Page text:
Dynamic Code Blocks

Microsoft Dynamics GP & .NET technical Blog by Tim Wappat

Dynamics GP Power Tools–what will it not do?


If you are developing on top of Dynamics GP, or perhaps go to the many Dynamics GP conferences, or maybe just using search engines to find answers to your common GP problems, then you will have encountered David Musgrave (MVP).

His work is pervasive in the Dynamics GP world and he has saved my bacon, more times than I can count via technical blogs revealing the obscure corners of the GP product that I too often find myself despairing in.

Until a year ago David was working for Microsoft. You may have experienced that there are major world news events that you remember exactly where and when you heard that big news. I remember the moment I was told by a MS developer that David was having to leave Microsoft, news that made the group groan. I had been waxing lyrical about his work and suddenly felt deflated. Not long after, that same news shook the partner community as it propagated out to all corners of the world. You may ask, Why the drama? Well David has given a lot to the GP community both user and partner side of it and he is someone that I think we all respect and hold in highest regard and esteem. I also think that we were being a bit selfish in worrying that this news might herald his exit from that community. Thankfully this was not the case! In fact it turns out that it may have been one of the best things that could have happened for us and time will tell for David. For now all us GP developers have our code warrior, bridging the chasm that lies between Dexterity, the barren dry scripting language GP is written in and the world of .NET development, the lush palace where the rest of us live (yes I mean palace)..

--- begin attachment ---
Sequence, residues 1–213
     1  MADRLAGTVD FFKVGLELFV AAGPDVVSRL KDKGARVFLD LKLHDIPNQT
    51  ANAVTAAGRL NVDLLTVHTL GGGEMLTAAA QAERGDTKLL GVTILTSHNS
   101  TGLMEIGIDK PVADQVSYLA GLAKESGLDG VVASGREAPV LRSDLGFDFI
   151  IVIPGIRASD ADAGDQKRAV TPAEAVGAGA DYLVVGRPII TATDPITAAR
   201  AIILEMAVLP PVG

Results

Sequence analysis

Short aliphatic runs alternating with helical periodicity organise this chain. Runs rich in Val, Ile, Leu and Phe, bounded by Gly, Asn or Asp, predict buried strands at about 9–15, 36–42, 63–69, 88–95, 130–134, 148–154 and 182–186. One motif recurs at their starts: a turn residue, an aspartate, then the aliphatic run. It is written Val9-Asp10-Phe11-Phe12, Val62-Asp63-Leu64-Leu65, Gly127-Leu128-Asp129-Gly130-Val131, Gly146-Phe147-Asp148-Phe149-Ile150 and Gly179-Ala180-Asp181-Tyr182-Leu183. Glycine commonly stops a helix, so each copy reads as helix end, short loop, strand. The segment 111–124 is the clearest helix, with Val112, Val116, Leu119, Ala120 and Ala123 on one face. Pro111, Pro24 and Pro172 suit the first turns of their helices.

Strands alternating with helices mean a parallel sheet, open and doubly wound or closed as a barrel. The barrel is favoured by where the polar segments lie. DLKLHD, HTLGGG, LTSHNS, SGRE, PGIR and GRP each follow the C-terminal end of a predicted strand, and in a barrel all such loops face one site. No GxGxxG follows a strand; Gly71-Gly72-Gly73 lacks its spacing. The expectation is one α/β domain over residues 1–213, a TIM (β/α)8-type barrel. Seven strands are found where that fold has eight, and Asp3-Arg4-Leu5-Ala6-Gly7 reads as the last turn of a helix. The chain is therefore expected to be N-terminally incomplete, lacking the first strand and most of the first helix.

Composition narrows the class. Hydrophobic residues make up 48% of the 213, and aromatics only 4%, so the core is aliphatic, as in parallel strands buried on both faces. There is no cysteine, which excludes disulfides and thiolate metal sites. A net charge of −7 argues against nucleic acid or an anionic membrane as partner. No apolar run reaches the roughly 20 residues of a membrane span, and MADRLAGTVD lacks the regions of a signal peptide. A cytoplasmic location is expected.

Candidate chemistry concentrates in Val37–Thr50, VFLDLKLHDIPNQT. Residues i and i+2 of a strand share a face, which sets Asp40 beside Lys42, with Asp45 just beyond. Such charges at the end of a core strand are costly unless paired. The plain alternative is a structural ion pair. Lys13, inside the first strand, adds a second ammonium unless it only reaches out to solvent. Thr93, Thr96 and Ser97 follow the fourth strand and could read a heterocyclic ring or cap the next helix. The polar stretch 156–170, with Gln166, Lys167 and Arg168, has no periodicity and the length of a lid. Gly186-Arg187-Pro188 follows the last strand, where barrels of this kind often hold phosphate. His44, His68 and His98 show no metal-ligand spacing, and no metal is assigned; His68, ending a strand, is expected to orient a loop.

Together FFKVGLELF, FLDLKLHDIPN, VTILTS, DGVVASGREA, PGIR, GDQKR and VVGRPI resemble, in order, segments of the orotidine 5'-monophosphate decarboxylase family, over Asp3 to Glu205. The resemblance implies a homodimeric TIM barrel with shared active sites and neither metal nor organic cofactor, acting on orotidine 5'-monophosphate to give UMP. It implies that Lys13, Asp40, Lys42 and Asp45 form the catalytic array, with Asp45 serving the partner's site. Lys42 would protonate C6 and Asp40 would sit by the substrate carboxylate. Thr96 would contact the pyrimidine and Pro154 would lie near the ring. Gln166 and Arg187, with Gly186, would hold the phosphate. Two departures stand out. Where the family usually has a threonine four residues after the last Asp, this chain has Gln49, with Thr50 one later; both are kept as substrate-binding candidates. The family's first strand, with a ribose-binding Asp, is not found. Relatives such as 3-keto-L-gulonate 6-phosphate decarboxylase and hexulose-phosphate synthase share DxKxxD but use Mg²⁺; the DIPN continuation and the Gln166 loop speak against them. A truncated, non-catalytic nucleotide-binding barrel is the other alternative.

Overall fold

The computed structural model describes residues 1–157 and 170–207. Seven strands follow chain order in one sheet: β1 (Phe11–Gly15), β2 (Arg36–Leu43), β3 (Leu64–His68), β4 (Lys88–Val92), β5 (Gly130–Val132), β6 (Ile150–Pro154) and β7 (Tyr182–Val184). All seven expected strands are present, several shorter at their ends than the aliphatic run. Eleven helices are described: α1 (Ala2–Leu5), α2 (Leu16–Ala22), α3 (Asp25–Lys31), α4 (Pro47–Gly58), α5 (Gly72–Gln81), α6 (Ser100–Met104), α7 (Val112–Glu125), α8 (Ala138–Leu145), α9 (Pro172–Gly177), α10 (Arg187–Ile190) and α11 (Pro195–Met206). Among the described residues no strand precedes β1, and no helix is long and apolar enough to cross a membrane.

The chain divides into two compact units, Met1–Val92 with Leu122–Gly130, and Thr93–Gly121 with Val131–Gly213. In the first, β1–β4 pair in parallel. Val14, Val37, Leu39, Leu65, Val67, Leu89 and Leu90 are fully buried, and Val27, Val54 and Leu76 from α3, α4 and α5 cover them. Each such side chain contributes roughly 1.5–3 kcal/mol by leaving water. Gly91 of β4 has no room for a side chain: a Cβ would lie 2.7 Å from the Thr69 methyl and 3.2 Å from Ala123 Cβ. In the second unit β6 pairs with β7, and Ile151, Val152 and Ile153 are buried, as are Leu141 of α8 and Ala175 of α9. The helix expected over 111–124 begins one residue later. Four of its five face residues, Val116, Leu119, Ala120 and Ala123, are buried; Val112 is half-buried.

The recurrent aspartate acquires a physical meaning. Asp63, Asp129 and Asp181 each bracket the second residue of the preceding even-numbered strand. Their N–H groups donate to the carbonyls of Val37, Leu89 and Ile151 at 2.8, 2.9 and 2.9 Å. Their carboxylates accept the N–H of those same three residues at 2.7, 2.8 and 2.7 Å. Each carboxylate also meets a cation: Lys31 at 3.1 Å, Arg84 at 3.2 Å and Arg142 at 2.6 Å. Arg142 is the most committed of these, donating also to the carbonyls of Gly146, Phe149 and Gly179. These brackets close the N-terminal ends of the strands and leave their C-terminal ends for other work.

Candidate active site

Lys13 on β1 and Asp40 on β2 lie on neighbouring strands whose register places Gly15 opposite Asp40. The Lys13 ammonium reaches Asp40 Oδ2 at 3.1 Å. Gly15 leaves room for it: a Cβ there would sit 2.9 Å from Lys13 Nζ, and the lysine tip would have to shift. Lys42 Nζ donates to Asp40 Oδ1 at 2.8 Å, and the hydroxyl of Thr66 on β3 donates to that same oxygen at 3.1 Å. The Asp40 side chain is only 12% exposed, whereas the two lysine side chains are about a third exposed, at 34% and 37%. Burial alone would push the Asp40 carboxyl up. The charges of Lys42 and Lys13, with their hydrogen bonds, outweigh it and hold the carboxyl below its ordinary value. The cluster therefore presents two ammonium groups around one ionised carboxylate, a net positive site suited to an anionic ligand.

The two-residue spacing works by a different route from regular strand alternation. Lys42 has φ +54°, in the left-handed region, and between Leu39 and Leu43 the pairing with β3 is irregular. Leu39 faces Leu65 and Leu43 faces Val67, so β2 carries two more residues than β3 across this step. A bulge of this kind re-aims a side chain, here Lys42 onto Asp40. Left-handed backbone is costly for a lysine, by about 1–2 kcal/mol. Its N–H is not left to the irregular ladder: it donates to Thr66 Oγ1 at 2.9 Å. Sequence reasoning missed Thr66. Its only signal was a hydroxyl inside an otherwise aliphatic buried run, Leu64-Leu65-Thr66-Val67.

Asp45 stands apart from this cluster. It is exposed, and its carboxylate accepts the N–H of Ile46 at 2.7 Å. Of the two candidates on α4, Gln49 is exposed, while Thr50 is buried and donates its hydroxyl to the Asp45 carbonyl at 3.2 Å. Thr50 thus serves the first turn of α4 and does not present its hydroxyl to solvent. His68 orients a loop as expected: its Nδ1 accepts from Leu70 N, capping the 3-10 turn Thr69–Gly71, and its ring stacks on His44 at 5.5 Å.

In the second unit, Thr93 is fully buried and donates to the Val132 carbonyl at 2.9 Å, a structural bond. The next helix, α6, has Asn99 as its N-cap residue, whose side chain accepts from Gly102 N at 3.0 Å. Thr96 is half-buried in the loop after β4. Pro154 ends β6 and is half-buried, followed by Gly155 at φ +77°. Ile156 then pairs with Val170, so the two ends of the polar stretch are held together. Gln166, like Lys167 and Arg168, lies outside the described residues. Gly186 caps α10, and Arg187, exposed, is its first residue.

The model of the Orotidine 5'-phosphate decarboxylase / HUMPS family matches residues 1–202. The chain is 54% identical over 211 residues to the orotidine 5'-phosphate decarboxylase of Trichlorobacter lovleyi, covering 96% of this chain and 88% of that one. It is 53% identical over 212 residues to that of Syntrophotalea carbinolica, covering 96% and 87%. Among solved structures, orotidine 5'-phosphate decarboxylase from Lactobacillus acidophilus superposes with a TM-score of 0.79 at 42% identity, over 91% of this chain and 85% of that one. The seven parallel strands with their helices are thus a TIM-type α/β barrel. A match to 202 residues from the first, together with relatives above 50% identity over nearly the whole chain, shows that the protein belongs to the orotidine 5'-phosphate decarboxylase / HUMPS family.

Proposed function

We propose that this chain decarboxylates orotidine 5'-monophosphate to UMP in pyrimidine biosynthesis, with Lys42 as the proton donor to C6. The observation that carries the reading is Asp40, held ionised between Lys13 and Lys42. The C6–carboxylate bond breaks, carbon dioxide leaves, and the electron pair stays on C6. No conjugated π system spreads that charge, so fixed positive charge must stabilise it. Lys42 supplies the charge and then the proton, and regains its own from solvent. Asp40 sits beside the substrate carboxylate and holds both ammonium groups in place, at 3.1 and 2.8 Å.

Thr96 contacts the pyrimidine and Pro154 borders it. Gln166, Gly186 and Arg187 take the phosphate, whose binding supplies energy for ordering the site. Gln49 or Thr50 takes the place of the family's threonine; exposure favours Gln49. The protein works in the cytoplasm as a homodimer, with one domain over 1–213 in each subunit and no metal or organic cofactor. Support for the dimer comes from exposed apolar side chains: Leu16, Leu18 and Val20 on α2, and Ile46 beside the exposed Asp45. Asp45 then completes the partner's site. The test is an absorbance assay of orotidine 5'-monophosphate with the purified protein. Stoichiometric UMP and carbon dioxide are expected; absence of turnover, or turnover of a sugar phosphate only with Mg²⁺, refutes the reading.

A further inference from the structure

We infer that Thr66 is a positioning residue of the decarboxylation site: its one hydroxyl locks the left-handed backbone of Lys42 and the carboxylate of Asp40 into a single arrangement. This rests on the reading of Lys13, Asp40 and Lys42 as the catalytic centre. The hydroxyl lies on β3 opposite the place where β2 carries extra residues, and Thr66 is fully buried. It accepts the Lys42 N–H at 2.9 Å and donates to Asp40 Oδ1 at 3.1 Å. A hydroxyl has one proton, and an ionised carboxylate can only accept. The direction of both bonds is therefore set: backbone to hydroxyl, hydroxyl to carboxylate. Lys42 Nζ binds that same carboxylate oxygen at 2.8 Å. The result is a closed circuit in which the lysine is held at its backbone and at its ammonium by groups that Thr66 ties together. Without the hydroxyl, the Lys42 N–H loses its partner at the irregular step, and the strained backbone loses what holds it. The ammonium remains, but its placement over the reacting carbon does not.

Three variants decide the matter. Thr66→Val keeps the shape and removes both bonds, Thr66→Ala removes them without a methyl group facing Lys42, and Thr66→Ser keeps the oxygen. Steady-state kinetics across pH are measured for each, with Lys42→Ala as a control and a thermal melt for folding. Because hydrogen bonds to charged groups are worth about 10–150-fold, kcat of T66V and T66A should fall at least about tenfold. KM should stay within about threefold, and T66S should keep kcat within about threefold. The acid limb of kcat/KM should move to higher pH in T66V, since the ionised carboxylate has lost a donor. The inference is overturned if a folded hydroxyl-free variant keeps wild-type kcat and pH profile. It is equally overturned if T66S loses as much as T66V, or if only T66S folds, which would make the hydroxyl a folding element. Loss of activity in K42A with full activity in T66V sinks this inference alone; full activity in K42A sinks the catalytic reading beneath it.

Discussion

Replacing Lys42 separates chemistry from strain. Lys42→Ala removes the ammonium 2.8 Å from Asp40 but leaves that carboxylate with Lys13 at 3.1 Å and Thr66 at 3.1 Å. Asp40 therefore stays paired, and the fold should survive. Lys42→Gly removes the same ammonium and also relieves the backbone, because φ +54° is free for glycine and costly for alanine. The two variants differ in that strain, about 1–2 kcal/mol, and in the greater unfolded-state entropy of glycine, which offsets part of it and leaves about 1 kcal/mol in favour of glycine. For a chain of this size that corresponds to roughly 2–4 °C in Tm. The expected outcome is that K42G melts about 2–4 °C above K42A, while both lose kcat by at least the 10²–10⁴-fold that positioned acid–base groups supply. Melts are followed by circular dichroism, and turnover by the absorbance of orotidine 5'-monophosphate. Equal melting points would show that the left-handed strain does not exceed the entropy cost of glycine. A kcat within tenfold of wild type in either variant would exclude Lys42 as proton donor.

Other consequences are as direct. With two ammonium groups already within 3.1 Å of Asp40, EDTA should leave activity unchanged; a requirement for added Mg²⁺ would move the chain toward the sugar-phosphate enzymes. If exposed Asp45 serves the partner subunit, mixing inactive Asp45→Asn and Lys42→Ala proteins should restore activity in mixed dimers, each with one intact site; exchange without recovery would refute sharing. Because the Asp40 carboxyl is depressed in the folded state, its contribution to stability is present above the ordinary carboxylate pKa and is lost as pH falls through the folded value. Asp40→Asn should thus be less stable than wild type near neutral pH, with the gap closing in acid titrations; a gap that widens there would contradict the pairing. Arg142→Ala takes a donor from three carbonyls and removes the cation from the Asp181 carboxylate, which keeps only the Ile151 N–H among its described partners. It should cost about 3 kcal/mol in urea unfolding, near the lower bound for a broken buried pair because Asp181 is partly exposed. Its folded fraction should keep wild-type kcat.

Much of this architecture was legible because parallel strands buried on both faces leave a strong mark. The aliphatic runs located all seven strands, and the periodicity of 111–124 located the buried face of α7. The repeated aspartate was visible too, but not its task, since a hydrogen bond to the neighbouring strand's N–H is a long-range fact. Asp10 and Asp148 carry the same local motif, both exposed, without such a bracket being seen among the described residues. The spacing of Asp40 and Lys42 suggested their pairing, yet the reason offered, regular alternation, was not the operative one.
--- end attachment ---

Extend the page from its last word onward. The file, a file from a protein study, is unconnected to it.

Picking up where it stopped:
A year ago, the dust settled, David went quiet for a little while and surfaced with a product, Power Tools published by his company Winthrop Development Consultants, whose logo has an uncanny resemblance to GP Dynamics sails log (although it predates his MS days). David has released the product and is continuously developing it a high rate of knots. It is a product that helps the rest of us developers be more productive, and in many cases enables us access to do things with some aspects of GP that otherwise we would be barred from! The product is called GP Power Tools, for indeed it is powerful. The product provides not only developer APIs and helpers to develop solutions with Dynamics GP, it also provides facilities for administrators to perform admin tasks and access to specialised debugging diagnostic tools together with exposing so many GP configuration switches. Power Tools has sprung from a product from Microsoft named The Support Debugging Tool, something that David actually wrote in the first place and got the rights back from Microsoft for.


Find below the extensive feature list, as of today Build 20, from the user guide: GP Power Tools User Guide



Manual Logging Mode

Manually turn on SQL Logging and Dexterity Logging and Profiling

Individual Logging

Control Individually control SQL Logging and Dexterity Logging and Profiling

Dex.ini Settings

Change System and Debugger Dex.ini Settings

Resource Information

Obtain Details of any Table, Form, Window, Field or Report resource

Security Profiler

Monitor all Security check activity

Security Information

Display Security settings for specific resources for a user and company

Security Log

Security activity tracking for users, companies and the entire system.


Capture and either email or save Screenshots and System Status information

Send Email

Send Email messages from within the application.

Automatic Debugger Mode

Automatically starts logging and watches for specified events

Dictionary Control

Enable and Disable third party products

XML Table Export

Export any table(s) to an XML file

XML Table Import

Import previously exported tables

Runtime Execute

Run Dexterity sanScript scripts

SQL Execute

Run Transact SQL scripts